Felony Stupidity

Can this go wrong? Let me count the ways. Photo courtesy of freedigitalphotos.net

Can this go wrong?
Let me count the ways.

Photo courtesy of freedigitalphotos.net

If stupidity were a crime, our jails would be a lot more crowded than they are.

Of course, we’re referring to things people do and say, not to the individuals themselves. These folks may be otherwise intelligent.

From the perspective of Crisis PR, they’re either getting bad advice. Getting good advice and ignoring it. Or not seeking advice at all because they presume they know what they’re doing.

Consider Southern celebrity chef Paula Deen, who told different stories about racial slurs in her deposition and a TV interview. Or disgraced former KPMG partner Scott London, who — after he was caught with his hand in the cookie jar — insisted he was just trying to help a friend even though he was receiving expensive gifts for giving inside information about clients. Or then-Congressman Todd Akin, who suggested women who are raped needn’t worry about pregnancy because their bodies have mechanisms to “shut that whole thing down.”

More recently, there’s the news team at a San Francisco Bay Area TV station who fell prey to a prank and broadcast fake, racially offensive names of the four pilots of an Asiana Airlines jetliner that clipped a seawall before skidding to a fiery stop on the runway. Three people died.

The fake names allegedly came from “a trusted source” — the last refuge of shoddy journalists — then were confirmed by a now-former summer intern at the NTSB in Washington who didn’t get the joke. Nobody at the TV station got it either, and they aired the names verbally and in a graphic — Sum Ting Wong, Wi To Low, Ho Lee Fuk, and Bang Ding Ow.

To make it even messier, Asiana briefly considered suing the TV station for damage to its reputation. Which would have been an over-reaction. Sometimes it’s better to just take a deep breath, insist on an apology, and let the story die as quickly as possible. Besides, stupidity still isn’t a valid legal cause of action.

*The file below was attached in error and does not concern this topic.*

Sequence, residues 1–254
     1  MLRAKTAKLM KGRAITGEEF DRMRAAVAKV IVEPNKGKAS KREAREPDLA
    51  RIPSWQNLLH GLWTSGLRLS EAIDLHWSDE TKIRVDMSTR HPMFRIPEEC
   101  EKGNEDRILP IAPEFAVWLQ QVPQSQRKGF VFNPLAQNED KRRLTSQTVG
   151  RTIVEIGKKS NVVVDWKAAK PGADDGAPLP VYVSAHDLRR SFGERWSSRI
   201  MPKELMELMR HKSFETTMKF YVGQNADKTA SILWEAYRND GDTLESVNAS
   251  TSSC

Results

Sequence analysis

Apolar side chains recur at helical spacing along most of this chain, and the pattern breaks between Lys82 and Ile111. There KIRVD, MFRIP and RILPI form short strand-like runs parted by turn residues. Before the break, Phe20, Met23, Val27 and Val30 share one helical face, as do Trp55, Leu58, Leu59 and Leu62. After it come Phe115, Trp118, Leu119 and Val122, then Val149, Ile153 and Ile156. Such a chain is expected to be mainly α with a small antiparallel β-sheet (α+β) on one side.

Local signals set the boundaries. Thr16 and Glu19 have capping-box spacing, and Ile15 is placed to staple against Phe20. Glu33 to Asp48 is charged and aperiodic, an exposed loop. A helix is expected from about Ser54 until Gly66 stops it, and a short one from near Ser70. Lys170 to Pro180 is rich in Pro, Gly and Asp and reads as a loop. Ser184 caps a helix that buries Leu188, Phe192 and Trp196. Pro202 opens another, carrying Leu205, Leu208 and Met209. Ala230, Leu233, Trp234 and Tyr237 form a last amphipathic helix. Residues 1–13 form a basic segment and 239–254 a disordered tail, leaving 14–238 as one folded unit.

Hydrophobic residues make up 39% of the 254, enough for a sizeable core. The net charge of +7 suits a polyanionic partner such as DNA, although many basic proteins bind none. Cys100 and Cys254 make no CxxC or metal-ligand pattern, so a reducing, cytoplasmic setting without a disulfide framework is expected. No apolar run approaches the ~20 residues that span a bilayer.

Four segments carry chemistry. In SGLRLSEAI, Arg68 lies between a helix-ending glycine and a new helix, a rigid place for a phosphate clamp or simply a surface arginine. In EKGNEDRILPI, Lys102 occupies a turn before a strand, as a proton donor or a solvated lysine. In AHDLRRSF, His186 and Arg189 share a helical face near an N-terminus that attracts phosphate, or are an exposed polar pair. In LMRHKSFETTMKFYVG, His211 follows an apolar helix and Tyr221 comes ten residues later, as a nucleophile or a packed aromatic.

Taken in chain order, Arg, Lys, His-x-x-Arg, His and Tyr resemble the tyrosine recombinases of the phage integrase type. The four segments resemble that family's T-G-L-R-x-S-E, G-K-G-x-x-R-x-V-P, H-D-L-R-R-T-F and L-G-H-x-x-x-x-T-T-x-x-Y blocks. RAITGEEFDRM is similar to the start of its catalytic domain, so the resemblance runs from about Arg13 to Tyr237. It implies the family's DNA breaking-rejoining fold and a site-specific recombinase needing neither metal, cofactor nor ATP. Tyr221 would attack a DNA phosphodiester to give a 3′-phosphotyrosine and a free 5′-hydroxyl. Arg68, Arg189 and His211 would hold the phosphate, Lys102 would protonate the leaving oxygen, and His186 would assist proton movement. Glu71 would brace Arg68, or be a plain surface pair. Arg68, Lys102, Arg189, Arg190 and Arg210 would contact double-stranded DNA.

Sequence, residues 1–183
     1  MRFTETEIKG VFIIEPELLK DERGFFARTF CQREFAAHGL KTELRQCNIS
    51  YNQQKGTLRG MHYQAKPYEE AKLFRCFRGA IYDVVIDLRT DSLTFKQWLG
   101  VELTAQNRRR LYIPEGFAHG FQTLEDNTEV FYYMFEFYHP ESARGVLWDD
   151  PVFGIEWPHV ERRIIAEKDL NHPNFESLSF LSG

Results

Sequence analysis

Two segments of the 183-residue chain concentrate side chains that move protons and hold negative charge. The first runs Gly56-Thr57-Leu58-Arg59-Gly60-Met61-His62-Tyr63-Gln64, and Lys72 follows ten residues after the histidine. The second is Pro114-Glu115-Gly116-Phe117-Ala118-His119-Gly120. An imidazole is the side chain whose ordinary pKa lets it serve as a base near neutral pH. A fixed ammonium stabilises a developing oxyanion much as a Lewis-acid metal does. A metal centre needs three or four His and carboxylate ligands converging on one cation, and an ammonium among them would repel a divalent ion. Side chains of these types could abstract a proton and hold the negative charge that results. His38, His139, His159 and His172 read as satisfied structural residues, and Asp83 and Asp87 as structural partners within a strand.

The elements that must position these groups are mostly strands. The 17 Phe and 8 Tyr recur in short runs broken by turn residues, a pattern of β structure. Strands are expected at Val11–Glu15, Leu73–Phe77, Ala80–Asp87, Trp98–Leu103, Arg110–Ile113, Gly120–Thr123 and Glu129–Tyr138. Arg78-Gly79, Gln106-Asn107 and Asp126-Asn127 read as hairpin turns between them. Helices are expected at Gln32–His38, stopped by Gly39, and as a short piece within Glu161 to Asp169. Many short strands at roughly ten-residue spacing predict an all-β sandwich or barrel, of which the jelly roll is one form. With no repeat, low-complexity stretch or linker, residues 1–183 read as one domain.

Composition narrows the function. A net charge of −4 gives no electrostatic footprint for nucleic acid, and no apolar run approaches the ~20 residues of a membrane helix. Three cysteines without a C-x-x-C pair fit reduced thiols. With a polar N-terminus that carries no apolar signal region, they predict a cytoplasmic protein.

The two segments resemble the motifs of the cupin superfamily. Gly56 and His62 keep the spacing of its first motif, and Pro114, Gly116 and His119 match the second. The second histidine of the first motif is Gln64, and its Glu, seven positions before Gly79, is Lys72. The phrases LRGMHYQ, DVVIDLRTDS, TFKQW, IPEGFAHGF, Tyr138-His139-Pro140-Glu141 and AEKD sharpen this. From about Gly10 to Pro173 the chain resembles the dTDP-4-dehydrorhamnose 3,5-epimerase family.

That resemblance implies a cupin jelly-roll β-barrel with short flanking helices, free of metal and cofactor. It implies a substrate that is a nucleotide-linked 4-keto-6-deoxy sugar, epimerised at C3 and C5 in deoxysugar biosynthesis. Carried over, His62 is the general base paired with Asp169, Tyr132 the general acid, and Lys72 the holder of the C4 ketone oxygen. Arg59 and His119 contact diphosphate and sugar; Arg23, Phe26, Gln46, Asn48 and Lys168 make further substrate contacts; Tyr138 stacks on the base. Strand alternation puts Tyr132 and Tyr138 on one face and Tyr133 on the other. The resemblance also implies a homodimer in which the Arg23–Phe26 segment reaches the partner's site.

In Crisis & Reputation Management, there’s a basic rule of thumb. Always ask, Can this go wrong? The answer, Let me count the ways.

P.S. As much as we enjoy writing about what’s interesting to us, our ultimate goal is to help you navigate PR crises that affect your business and your clients.

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Gillott Communications is a Los Angeles-based public relations firm that specializes in high-stakes Crisis & Reputation Management. If you don’t already subscribe, please sign up for our blog Insights on High-Stakes PR. You can reach Roger Gillott directly at 310-826-8696.

Insights on High-Stakes PR. You can reach Roger Gillott directly at 310-826-8696.

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One thought on “Felony Stupidity

  1. These are all high-profile people who could have spent a few dollars and a few moments on professional guidance that would have avoided the entire situation. I think a lot of these people start drinking their own Kool-Aid, reading their own press clippings, and think they can’t be touched. That’s, I think, when they “get stupid.”

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